1 6 oz can tomato paste

1 tsp salt

1 tsp pepper

1 tsp red pepper flakes


Sauté onions until translucent. Add garlic slices and cubed eggplant; cook for 7-10 minutes on medium heat. Add tomato paste, salt, pepper, pepper flakes, and about 1cup of water. Bring to a boil, then let simmer for about 30-40 minutes, stirring occasionally.


Another hot food item that’s an international palate pleaser and finds a place of prominence on our dinner table at festive occasions all year round: Dips. Seriously hot. No, no, not the over-the-counter variety. These are homemade and a big hit – with those who like it hot, that is.

If you plan to prepare one or more of them for the second days of Pesach, make sure to have enough matzah to go around to satisfy all the dippers at your table.

These are also great accompaniments to the various dishes on the Shabbat/Yom Tov table, fish, meat or vegetarian.




1 28 oz can crushed tomatoes

1 3 oz can tomato paste

3 jalapeno peppers, diced

6 garlic cloves, crushed

2 tbsp olive oil

Chol Hamoed Survival Guide

Friday, April 6th, 2012

If you are anything like me, Chol Hamoed can be just the teeniest bit stressful. Okay, maybe very, very stressful. But it doesn’t necessarily have to be that way.

Yes, you just spent a minimum of two to three, or more, weeks scouring every square inch of your humble abode, cooked up massive quantities of food in a minimum amount of time in pots, pans and appliances that you barely even recognize as yours, have spent countless hours washing endless streams of pots, pans, silverware and dishes and then Chol Hamoed rolls around. Despite the inevitable exhaustion that is oozing out of your every pore, your entire family wants you to not only prepare gourmet food but structure social activities that are fun, enticing and will make them the envy of everyone they know.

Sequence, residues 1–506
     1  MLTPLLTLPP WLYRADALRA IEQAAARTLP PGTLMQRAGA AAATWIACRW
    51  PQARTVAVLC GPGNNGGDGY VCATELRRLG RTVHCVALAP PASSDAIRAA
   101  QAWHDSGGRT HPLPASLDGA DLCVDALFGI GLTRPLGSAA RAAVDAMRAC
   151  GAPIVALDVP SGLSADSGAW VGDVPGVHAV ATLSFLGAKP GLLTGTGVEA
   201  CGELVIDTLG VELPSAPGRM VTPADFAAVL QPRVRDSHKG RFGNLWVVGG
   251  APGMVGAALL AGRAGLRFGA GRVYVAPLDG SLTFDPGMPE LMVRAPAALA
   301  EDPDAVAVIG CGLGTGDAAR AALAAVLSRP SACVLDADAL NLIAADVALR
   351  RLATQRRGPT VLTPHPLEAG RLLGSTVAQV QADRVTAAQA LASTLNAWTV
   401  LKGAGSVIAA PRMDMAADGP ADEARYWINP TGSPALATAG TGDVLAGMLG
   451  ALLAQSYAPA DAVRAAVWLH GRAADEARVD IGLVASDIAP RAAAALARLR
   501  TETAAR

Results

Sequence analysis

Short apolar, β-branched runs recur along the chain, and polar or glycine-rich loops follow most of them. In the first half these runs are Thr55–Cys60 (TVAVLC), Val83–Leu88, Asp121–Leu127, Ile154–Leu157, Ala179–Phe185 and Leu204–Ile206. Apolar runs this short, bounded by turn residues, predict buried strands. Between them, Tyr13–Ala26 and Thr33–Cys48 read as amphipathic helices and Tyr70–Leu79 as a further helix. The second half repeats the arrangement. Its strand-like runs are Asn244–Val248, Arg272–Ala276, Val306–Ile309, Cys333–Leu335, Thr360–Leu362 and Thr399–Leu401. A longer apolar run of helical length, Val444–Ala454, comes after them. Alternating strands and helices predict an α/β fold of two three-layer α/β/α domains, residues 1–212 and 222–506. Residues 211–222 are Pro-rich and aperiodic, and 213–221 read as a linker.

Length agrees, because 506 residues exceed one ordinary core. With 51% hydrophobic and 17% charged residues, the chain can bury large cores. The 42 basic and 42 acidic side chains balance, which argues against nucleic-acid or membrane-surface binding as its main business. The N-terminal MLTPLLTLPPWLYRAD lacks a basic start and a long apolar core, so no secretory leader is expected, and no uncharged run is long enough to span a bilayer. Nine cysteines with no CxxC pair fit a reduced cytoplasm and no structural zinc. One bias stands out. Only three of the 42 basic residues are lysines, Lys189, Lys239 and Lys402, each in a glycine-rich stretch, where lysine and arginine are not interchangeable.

If you are anything like me you will try your best not to have a meltdown as you explain to your family members that with all the work you have done preparing for Pesach you have zero interest in being designated the family social director as well.

Take a deep breath and remind everyone, including yourself, that you don’t have a cape, you don’t have superpowers and you can’t possibly do everything, for everyone all at once. What your family is envisioning requires you to be in multiple places at once and requires an endless supply of money, which you probably don’t have, having just bought matzah, food for an eight day eating extravaganza and clothing for the entire family. So tell everyone to take a chill pill and remember that if they want to live in Fantasyland, they need to head down to Disney World. Because you can either prepare gourmet meals every day of Chol Hamoed or you can plan exciting activities to keep everyone entertained. You can’t possibly do both.

But that’s okay, because neither can anyone else. So just relax. You have worked so hard to get this far; it is finally time to enjoy a well-deserved break. Let’s start with the food. Go check your refrigerator. Got leftovers? Great. Then put them to good use.

Flake up leftover roast and serve it with a salad for supper one night. Dice up extra chicken and resurrect it as chicken salad or chicken potpie. (Skip the bottom crust. Trust me. No one needs all those extra calories this week.) Don’t have any leftovers? Cook up a pot of hot dogs or buy a package of cold cuts and remember that this just isn’t a week for dieting. Feel free to add some easy veggies to your menu: think bagged salad, grape tomatoes, mini sweet peppers (depending on your minhagim), or even a jar of pickles, all things that don’t require cutting up. Round out your meals with all those leftover kugel pieces and potatoes that are taking up valuable space in your fridge.